April 18, 2023
Each week, XI Technologies uncovers trends and insights using our enhanced data and software focused on the WCSB. If you’d like Word to the Wise delivered directly to your inbox, subscribe here
XI Technologies looks at expiring land to provide useful business development intel for service companies and exploration and production (E&P) companies alike.
For service companies, expiring lands provide insight into where drilling activity is most likely to occur in the coming months, and with which companies. For E&Ps, the expiring land report helps flag farm-in opportunities and/or land that may come available in their core area(s).
According to AssetBook data, the following are the top 25 companies with expiring lands in Alberta over the next 12 months.
Figure 1 – Expiring Hectares (Top 25 Companies)
When looking at the top 25 companies based on expiring hectares (ha), it is also useful to look at the land numbers in context to the overall total of expiring land. These 25 companies represent 69% of the total 3,172,796 ha expiring in Alberta in the next 12 months. An additional 256 companies represent the remaining 31% of expiring land.
It makes sense, as these are generally also the largest operators in Alberta. With a total of just over 30 million ha of crown land in Alberta, the expiring lands represent 11% of the total.
In addition to knowing the top 25 companies with lands nearing expiry, it may be useful to know the bonus amounts paid on those lands. AssetBook’s identification and ranking of expiring lands based on the size of bonuses paid helps prioritize companies with the most money on the line and, therefore, highlights companies that may be more open to farm-in or partnership opportunities.
Figure 2 – Expiring Bonuses (Top 25 Companies)
Expiring bonuses total over $2.5 billion over the next 12 months. The top 25 companies represent 71% of that total, with the single largest producer’s expiry profile over $600 million.
In our last Word to The Wise, we explored the expiring lands and bonuses relative to the total holdings of the 25 companies and compared the $/ha of their upcoming expiries.
This month, we look at the existing land, total bonuses, and $/ha from a regional perspective. Looking at the land on a provincial map, we can see obvious clusters around the Fort McMurray and Grande Prairie regions.
Figure 3 – Land on Provincial Map
Breaking it down by region, we can see that most expiring land, a combined 80%, comes from Fort McMurray, Grande Prairie, and Peace River.
Figure 4 – Expiring Land by Region
Similarly, the expiring bonuses reflect the same trend, with Fort McMurray and Grande Prairie accounting for 82% of the value. While Peace River represents 17% of the expiring land, it only represents 7% of the value.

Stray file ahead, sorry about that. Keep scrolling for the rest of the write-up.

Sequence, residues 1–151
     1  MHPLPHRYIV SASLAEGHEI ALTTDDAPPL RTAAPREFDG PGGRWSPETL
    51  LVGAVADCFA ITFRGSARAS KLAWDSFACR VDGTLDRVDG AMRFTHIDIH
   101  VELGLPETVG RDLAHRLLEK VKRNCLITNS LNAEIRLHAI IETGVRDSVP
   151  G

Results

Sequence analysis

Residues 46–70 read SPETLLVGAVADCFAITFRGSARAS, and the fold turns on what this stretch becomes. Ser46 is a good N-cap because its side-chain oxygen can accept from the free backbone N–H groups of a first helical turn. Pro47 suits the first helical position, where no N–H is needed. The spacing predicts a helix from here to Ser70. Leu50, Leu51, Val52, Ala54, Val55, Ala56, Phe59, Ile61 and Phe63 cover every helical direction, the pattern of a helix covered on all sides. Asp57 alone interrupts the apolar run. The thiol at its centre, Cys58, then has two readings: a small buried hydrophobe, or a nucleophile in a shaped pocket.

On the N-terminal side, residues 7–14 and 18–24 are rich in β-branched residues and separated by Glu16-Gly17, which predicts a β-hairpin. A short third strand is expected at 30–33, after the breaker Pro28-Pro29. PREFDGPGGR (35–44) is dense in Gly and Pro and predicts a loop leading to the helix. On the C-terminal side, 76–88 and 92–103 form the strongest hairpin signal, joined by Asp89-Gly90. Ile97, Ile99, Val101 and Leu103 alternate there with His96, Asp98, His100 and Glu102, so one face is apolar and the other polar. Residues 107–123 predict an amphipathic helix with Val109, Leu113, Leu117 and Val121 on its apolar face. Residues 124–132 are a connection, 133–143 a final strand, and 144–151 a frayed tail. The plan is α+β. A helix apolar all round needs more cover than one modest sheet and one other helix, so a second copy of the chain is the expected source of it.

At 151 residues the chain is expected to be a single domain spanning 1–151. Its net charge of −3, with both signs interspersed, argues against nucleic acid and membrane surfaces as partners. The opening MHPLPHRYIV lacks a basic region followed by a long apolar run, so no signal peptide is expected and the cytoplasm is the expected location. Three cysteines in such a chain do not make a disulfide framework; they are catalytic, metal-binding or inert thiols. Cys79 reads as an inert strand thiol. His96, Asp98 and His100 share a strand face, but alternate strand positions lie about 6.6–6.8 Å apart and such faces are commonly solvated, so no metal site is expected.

Figure 5 – Expiring Bonuses by Region
Looking at these values together, we can see the average $/ha by region.
Figure 6 – Dollars per Hectare Bonus by Region
The highest average bonus for expiring land is in the Foothills and Fort McMurray regions, each with approximately $1140/ha, with Grande Prairie ~$900/ha. Southeastern Alberta and East Central Alberta have the lowest value expiring bonuses in the province, suggesting most land is continued because it is largely developed, or not in high demand.
Figure 7 – Wells Spud by Region in the Past 12 Months
By filtering to SPUD data for the past 12 months, we can see that within these regions, drilling activity has been the highest in an area with a relatively low overall average expiring bonus, but also only 4% of the expiring land and 1% of the overall total expiring bonus. The Foothills, with only 3% of expiring land and 4% of expiring bonuses, has the highest value acreage across all regions, yet little to no drilling activity.
Peace River, with the second highest SPUD number, also has a relatively low average bonus per ha, but 17% of the expiring land and 7% of the total expiring bonus.
Fort McMurray, with both high expiring acreage and total bonuses and one of the highest $/ha averages, accounts for only 4% of the total drilling activity.
Athabasca, which accounts for the highest number of wells spud in the past 12 months, has a relatively low expiring $/ha value, yet accounts for only 4% of expiring land and 1% of the total expiring bonus.
While expiring lands tell us where drilling activity is most likely to occur, or where there could be farm-in opportunities, the final decision requires a deeper investigation using robust business intelligence. Narrowing your search for specific strike areas, rights, or individual parcels of land lets you find working interests, partners, and agreement types. Then you can understand the landscape and correlate drilling and production data to understand the trends.
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Thank you for joining XI on our weekly journey of data exploration and discovery. We hope you found this article to be informative and thought-provoking.